Alia had spoken only once of her daughter.

"I will not have her, Duncan," she had whispered, her arms wrapped tightly around him, her eyes raw from tears.

"You are the Regent," he had said, placing his hands on the side of her face, his thumbs gently sweeping the tears from beneath her eyes. She was fragile now, as he lifted her into his arms, taking her to their bed in the Imperial Suite. The impenetrable mask she wore in public had slipped every night for the past week, and until now she had given him no data. The cause of her distress had been unknowable to him, so he had put aside his Mentat instincts to analyse as best he could and comforted her as he remembered Duncan doing to so many others, on another, water-rich, world.

These memories are as much ghosts as the man himself.

He was Duncan Idaho in every way but one: the real Duncan Idaho had died a decade ago, defending his Duke's son and concubine. Now the son was dead and the concubine had fled, afraid of the emotions this planet stirred in her and Duncan had only the daughter left to serve, and to love.

"It would be a cruel thing to do," Alia murmured as he laid her on the rich green silken sheets. She turned towards him as he lay next to her; her eyes were wide, staring at him, through him. He did not know if there was something else that she saw here, though she had always denied to him any ability of prescience. "She would be cursed from conception."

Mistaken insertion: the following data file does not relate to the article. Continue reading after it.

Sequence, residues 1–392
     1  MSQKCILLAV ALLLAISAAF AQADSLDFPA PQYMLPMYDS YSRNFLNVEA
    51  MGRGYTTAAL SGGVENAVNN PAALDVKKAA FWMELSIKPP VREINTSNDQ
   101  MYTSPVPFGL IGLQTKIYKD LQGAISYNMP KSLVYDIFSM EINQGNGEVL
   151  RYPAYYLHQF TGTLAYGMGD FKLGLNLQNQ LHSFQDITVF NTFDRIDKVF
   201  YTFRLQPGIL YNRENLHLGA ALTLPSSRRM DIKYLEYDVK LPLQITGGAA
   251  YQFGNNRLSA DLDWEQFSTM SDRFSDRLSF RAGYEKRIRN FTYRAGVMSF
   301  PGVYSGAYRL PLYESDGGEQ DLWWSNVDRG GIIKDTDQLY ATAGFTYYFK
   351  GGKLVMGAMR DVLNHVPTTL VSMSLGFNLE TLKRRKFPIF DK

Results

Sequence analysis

"She would be loved," he said, stroking her soft hair and marvelling how, even now tears still pricked at her eyes.

She gives water to the dead.

"Oh, Duncan, Duncan..." she had repeated his name again and again as her fists clenched and unclenched before she finally stood and began pacing the room. Finally, said, "I hold the Throne only in trust."

"You are Muad'Dib's sister."

"I am a tool! Forged by my brother and his damnable prescience. He could have stayed, Duncan!" The tears were flowing again, but this time Duncan knew they were for no ghost of the future, but for Paul. "Will I never escape this anger?" she asked turning to him, her eyes pleading. He saw a child before him, and it occurred to him that had Duncan lived that would be what he had known her as. Fool he thought, this one has never been a child.

"It is animal instinct," she said. "I should not entertain it, but I am alone." He held his expression immobile, forcing himself not to reply. "The twins have each other." She paused, frowning. "Would I make the same mistakes as my mother?"

"You should sleep."

"I will find no rest there."

He was aware of that. There were few nights when she did not call out, did not scream. Often shaking him and calling his name, though he would already be awake. Sometimes she would speak of the other memory, name those that called to her, tell him of the demands they made on her flesh.

"I wish my brother were there," she had said once. "That I might at least have an ally."

"What of your parents?"

"My father is silent, my mother quiet. Perhaps she resents that she is but an echo of the living. I do not know."

He realised that Alia was staring at him. "You would have been a good father, Duncan," she said.

Something stirred within him. "You cannot know what will come."

"No," she said quietly. "It would be better for us all if I did not, perhaps, perhaps...the abilities of my brother elude me." He eyes closed tightly. "They deny them to me, I think. They resent me. What am I to them but an inconvenience? They live on in the mind of one who should not exist. I will have no part in the creation of a Kwistatz Haderach."

He attempted to fathom her motives. Her behaviour had been increasingly erratic over the past few months, but mention of a child was something new.

Does she hope to usurp the Throne?

He could not accept that she would be so transparent, and she spoke of a daughter, not a son.